Bouchette Sr. makes clear in his 1831 book that he intended a map of the British possessions in North America to accompany the book, but no such map is ever found with the book. The book is fairly common, but the present map is very rare. As late as the 1870s, Bouchette Sr.’s heirs were still pressing the claim to be compensated for his expenditures in the making of his books and maps. See, for instance, Origin and Character of the Claim of the Late Colonel Bouchette, Surveyor General, L.C. with introduction by Alexander Robertson (Montreal, 1872), where Bouchette’s claim is partially defended by the fact that “in those days of laborious engraving, when nothing cheaper than the copperplate was at hand to reproduce his maps in a creditable style, he felt that the task he had set for himself was too much for his means. Convinced of its utility to the country, if it were but accomplished, Colonel Bouchette, by the advice of some of the members petitioned the Legislature for aid to enable him to carry his design into effect” (p. 6). The claim was finally paid to Bouchette Sr.’s grandchildren in 1875.

     This handsome map engraved by the renowned J. & C. Walker firm presents excellent detail in Canada and the bordering states of the United States. The map is as much a strong political statement as a map. The provinces of Upper and Lower Canada were established in 1791 and, after many years of acrimonious turmoil, abolished in 1841 with the establishment of the single United Province of Canada. The Bouchette family’s maps and books treated Canada as a unit, and they got into hot water with the Francophile Canadians who saw them as too Anglocentric. Great Britain wanted a unified Canada to avoid the risk of another American Revolution and loss of more territory. Bouchette Jr.’s map shows the lands of the Canada Company, an emigration and land company chartered by the British Parliament in 1825 to colonize Upper Canada. Canada Company’s copious settlements are indicated on the map by an asterisk or a cross next to each name. The Company’s mismanagement and corruption, and its close alliance with the Tory elites was an important factor in the Upper Canada Rebellion in 1837. Bouchette Jr.’s younger brother was expelled from Canada for his part in that movement. In his book Bouchette Sr. devotes chapter V (pp. 114-120) and several documents in the Appendices to warm endorsement of the Canada Company, its golden prospects, and statistics. See Claude Boudreau, L’analyse de la carte ancienne: essai méthodologique: carte du Bas-Canada de 1831 de Joseph Bouchette, Rapports et mémoires de recherche du CELAT, No. 7 (Quebec: Laval, 1986). Boudreau analyzes the strategic and political elements of Bouchette’s maps of Canada.

     Joseph Bouchette, Jr. (1800-1881?) is as little known as this map he created. When Bouchette Sr. travelled abroad in 1829, his son Joseph took over his duties for several years under the title of deputy surveyor general. Bouchette Jr. seems to have served as a filial right-hand man to his father for the remainder of his life. Bouchette Jr. married Margery Elspie Fraser on March 1, 1826 at St. Gabriel’s Presbyterian Church in Montreal. He also did art work and is credited with an 1839 view of the iron forges at St. Maurice (ID #10130, National Archives of Canada/C-4356). Reps, Views and Viewmakers of Urban America (3749) cites an 1831 view of Montreal (for image see Musée McCord Museum, #M199412).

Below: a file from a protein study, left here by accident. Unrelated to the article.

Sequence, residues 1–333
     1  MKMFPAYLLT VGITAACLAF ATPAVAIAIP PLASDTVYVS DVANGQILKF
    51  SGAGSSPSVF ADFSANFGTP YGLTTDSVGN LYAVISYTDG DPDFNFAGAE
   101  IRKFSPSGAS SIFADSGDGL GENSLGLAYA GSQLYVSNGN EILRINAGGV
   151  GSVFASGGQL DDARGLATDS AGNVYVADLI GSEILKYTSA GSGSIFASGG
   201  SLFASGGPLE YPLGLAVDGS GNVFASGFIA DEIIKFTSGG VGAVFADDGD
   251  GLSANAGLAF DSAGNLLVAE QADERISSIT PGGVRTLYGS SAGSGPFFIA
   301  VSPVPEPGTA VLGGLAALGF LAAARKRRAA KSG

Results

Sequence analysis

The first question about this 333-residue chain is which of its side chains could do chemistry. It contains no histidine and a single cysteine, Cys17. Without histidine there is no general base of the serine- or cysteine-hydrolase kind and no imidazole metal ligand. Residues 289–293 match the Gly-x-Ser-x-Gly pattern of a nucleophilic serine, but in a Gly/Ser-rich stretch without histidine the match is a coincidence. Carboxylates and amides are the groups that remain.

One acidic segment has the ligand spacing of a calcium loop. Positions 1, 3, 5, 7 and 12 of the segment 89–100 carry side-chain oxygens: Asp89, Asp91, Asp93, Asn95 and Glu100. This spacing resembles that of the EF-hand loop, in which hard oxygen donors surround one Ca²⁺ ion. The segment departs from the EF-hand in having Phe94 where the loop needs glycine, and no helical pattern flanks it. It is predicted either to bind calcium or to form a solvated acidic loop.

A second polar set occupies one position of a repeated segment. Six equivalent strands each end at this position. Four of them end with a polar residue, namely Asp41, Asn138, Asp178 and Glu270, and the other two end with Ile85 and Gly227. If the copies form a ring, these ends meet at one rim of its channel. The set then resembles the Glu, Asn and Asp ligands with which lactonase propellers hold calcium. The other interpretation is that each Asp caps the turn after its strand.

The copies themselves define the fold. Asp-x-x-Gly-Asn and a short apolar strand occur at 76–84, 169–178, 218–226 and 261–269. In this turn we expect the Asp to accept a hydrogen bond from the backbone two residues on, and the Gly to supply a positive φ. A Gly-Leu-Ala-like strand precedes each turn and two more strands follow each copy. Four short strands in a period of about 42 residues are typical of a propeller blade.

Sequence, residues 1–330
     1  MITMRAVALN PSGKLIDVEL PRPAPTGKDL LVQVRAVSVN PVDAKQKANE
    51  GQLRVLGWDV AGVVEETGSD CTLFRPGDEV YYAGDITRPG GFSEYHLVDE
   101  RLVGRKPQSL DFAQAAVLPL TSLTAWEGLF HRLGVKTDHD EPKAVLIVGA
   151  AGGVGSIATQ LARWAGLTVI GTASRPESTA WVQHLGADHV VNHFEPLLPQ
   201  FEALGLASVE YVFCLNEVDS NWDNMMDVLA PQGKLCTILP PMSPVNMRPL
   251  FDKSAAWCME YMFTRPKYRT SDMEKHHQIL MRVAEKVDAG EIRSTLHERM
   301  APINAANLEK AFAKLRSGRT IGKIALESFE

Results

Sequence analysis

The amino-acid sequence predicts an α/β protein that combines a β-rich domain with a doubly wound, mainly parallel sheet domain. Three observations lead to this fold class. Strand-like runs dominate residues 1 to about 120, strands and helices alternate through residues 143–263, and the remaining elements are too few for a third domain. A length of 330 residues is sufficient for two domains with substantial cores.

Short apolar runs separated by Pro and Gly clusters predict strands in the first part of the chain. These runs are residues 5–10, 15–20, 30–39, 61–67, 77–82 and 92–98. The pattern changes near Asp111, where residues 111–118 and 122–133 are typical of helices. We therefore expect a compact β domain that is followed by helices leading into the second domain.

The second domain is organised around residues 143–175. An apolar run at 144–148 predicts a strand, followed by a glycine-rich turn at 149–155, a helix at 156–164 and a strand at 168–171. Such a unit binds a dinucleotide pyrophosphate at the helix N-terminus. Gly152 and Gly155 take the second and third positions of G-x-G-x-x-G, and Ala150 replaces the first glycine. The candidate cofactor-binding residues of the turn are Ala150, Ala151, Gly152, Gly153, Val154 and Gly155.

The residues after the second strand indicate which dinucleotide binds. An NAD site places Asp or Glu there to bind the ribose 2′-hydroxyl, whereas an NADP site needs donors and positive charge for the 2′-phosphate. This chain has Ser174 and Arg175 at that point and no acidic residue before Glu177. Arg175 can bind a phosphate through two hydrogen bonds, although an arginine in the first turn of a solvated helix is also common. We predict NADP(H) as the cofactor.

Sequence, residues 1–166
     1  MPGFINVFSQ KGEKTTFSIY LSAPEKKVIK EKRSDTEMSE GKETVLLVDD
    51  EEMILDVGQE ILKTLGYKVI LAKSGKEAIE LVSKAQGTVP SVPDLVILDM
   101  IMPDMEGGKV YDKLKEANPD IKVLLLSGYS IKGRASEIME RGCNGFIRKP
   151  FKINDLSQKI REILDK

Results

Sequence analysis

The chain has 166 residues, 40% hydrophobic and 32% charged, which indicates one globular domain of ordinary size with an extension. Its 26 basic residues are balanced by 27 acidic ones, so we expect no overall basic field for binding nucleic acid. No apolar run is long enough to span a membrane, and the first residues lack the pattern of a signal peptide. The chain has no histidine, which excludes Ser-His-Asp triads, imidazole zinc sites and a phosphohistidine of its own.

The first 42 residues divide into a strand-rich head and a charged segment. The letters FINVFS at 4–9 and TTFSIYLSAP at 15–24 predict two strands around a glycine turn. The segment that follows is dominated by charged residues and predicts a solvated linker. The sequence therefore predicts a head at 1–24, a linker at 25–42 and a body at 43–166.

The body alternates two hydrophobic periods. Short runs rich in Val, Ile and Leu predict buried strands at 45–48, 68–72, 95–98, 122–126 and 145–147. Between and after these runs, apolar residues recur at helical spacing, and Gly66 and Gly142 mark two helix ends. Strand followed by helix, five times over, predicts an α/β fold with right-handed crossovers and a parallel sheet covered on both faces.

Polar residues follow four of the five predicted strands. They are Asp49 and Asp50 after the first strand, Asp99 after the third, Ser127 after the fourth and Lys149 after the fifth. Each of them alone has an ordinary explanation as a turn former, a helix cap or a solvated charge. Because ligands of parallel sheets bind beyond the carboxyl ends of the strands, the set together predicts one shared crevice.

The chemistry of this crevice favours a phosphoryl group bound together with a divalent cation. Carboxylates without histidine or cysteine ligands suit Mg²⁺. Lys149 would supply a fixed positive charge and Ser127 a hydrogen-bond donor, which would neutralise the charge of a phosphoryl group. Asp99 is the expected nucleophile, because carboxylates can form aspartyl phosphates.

French-Canadian Bouchette Sr., surveyor, militia and naval officer in the War of 1812, warm promoter of Canadian immigration, author, and artist, was one of the remarkable Canadians of his period. “In addition to completely reorganizing surveying and cartographic services in Lower Canada, he published works that demonstrate his artistic and scientific talents” (Dictionary of Canadian Biography Online). At age fourteen he commenced surveying activities, and in 1795 he began making significant maps, the inauguration of a long, distinguished career creating maps that were essential to Canadian immigration, boundary work, land ownership, military affairs, roads, and coastal knowledge. In 1804 he was appointed to the office of Surveyor General of Canada. In 1807 he travelled to London to urge British authorities to establish the exact boundary between Lower Canada and the United States. The last three decades of his life were crowded with the promotion of Canada, boundary arbitration, land speculation, a rather tormented publishing program of books and maps, official duties, and a great deal of political activity. Unfortunately, he came to be regarded by Canadians as someone who had sold out to the English.


Sold. Hammer: $10,000.00; Price Realized: $12,250.00.

Auction 23 Abstracts